Skip Navigation
Skip to contents

J Trauma Inj : Journal of Trauma and Injury

OPEN ACCESS
SEARCH
Search

Author index

Page Path
HOME > Browse Articles > Author index
Search
Bum Jin Oh 3 Articles
Comparison of Clinical and Anatomical Differences of Vertebral Artery Dissection between Minor Trauma and Non-trauma Causes
Yeon Hee Chong, Ji Yun Ahn, Bum Jin Oh, Won Kim, Kyoung Soo Lim
J Korean Soc Traumatol. 2007;20(2):101-105.
  • 1,055 View
  • 3 Download
AbstractAbstract PDF
PURPOSE
This study aimed to find any difference in the clinical or the anatomical findings of vertebral artery dissection (VAD) between the trauma and the non-trauma groups.
METHODS
We retrospectively reviewed the clinical data and radiologic images of VAD patients. We compared data on symptoms, neurologic deficit, National institutes of health stroke scale (NIHSS) at admission, Rankin score (RS) at admission and discharge, and radiological findings including anatomical features, between the trauma and the non-trauma groups.
RESULTS
From January 1997 to May 2006, 42 patients were enrolled and 13 patients (31%) had a history of earlier trauma. Focal neurologic deficit (trauma group 11/13 vs. non-trauma group 11/29), cerebral stroke (10/13 vs. 9/29), and extradural lesions of dissection (6/13 vs. 3/28) were more common in the trauma group than non-trauma group (p=0.007, p=0.017, p=0.018, respectively) and NIHSS at admission and discharge were significantly higher (p=0.012, p=0.001, respectively). Dissecting aneurysms were less frequent in the trauma group (2/13 vs. 19/29, p=0.006). Subarachnoid hemorrhage and unfavorable prognostic value (Rankin score at discharge> or =2) showed no differences between the groups (p=0.540, p=0.267, respectively).
CONCLUSION
In VAD patients after trauma, focal neurologic deficit due to ischemic stroke and a steno-occlusive pattern are more frequent than they are in non-trauma patients. The location of dissection was most frequent at the extradural vertebral artery in the trauma group. NIHSS was higher in the trauma groups but the incidence of an unfavorable prognostic value (RS> or =2) was not significantly different between the groups.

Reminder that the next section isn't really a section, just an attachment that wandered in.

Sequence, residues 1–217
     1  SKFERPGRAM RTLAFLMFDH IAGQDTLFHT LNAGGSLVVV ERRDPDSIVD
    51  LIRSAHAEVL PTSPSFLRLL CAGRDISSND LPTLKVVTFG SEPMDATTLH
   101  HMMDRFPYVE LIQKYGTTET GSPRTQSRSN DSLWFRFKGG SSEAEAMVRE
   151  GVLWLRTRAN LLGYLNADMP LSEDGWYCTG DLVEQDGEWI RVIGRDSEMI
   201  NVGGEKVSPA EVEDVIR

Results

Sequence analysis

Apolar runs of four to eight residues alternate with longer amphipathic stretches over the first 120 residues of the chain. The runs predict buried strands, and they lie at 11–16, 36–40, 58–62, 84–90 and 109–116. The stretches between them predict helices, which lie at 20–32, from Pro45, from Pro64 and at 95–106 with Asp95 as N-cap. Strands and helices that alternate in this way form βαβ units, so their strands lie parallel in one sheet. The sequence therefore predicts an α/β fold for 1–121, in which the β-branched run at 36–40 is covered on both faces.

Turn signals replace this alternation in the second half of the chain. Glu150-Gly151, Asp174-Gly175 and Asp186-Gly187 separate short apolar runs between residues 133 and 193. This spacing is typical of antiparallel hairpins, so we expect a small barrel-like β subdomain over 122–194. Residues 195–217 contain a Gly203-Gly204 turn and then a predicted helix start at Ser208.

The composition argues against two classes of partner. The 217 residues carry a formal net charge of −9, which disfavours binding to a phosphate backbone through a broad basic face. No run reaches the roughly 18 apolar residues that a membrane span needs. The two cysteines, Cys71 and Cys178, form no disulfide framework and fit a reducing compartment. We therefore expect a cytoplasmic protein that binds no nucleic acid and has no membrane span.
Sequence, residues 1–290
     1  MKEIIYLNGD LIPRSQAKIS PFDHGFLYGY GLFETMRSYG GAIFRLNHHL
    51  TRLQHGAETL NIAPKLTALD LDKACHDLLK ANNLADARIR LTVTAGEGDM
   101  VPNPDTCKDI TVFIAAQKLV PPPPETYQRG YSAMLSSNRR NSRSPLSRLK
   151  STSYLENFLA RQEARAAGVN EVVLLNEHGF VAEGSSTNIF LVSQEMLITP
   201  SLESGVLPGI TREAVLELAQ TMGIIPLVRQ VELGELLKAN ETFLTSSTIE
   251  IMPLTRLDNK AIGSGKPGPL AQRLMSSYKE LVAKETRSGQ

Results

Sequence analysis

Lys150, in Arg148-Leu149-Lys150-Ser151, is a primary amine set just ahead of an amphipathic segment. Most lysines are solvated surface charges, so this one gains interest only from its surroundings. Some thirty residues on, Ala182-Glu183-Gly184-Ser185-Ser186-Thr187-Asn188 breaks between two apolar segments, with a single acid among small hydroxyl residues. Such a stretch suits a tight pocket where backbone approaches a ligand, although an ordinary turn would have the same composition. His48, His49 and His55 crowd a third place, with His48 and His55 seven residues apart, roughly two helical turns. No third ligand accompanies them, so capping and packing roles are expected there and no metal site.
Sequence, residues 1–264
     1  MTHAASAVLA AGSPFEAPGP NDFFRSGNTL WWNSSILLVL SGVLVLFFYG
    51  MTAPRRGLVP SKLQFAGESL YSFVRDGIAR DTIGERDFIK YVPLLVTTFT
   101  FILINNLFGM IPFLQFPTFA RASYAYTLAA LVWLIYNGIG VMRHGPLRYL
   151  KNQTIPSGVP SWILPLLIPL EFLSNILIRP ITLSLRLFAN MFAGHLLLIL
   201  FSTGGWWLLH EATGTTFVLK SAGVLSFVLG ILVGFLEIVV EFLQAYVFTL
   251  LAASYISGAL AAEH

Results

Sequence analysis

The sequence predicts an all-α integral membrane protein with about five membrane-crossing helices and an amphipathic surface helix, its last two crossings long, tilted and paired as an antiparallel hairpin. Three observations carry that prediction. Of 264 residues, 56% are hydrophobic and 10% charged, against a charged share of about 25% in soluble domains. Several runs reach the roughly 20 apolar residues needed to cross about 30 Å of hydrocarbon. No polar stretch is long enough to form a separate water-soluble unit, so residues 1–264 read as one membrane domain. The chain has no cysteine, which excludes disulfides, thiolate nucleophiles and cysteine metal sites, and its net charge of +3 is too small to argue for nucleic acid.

Summary
A Case of Tension Viscerothorax: A Rare Complication of Diaphragmatic Rupture after Blunt Abdominal Trauma
Maeng Real Park, Jae Ho Lee, Ji Yoon Ahn, Bum Jin Oh, Won Kim, Kyoung Soo Lim
J Korean Soc Traumatol. 2006;19(2):201-205.
  • 1,010 View
  • 3 Download
AbstractAbstract PDF
Tension viscerothorax (gastrothorax) is rare life-threatening disease which is caused by air trapped in viscera. A distended viscera in the hemi-thorax shifts the mediastinal structures and causes extra-cardiac obstructive shock. A defective diaphragm is caused by abdominal trauma or a congenital anomaly. Traumatic diaphragmatic injury can be missed until herniation develops several years after blunt trauma. In our case, a 10-year old boy developed hemodynamic compromise in the emergency department. Three years earlier, he had suffered blunt abdominal trauma during a pedestrian traffic accident, but there was no evidence of diaphragmatic injury at that time. He was successfully resuscitated by gastric decompression and an emergent thoracic operation. The operation finding revealed a traumatic diaphragmatic injury. Tension viscerothorax is a rare, but catastrophic, condition, so we suggest that addition of tension viscerothorax to the Advanced Trauma and Life Support (ATLS) guidelines may be helpful.
Summary
Triage Score as a Predictor of need for Tertiary care Center Transport from Scene by Helicopter
Song Won Song, Jae Chol Yoon, Boo Soo Lee, Woo Joo Kim, Ji Yoon Ahn, Bum Jin Oh, Kyung Su Lim
J Korean Soc Traumatol. 2006;19(2):159-163.
  • 1,192 View
  • 2 Download
AbstractAbstract PDF
PURPOSE
The number of patients transported by the Helicopter Emergency Medical Service (HEMS) has increased recently. In our review of the Korean HEMS, there was no established helicopter utilization criteria or triage tool on the scene, so many patients with minor injuries were transported to tertiary care centers. The aim of this study is to evaluate the percentage of patients with minor injuries and to propose a more appropriate triage tool for predicting the need for transport to a tertiary care center.
METHODS
The subjects of this study were 59 trauma patients transported to Asan Medical Center (AMC) from the scene by Seoul HEMS from January 2004 to December 2005. The Triage score (TS), Injury Severity Score (ISS), and modified Canadian Triage and Acuity Scale (mCTAS) were calculated as severity scales. Patients with minor injuries were defined as those with TS=9, ISS< or =15, and mCTAS> or =3. We evaluated the association of TS, ISS, and mCTAS with the appropriateness of transport.
RESULTS
Many of the patients transported to tertiary medical centers were classified as having a minor injury: TS=9 group 35 cases (72.9%), ISS< or =15 group 30 cases (62.5%) and mCTAS> or =3 group 27 cases (56.2%). However, 56.2% (27/59) of the patients were appropriately transported according to need for admission or an operation. The more severely injured patients classified by TS, ISS, and mCTAS were more appropriately transported to a tertiary center (p<0.05).
CONCLUSION
Many patients with minor injuries were transported to a tertiary center from the scene directly. The TS can be easily calculated by an emergency medical technician at the scene. Thus, we propose the TS as a useful triage tool for determining the necessity of transport to a tertiary center by helicopter.
Summary

J Trauma Inj : Journal of Trauma and Injury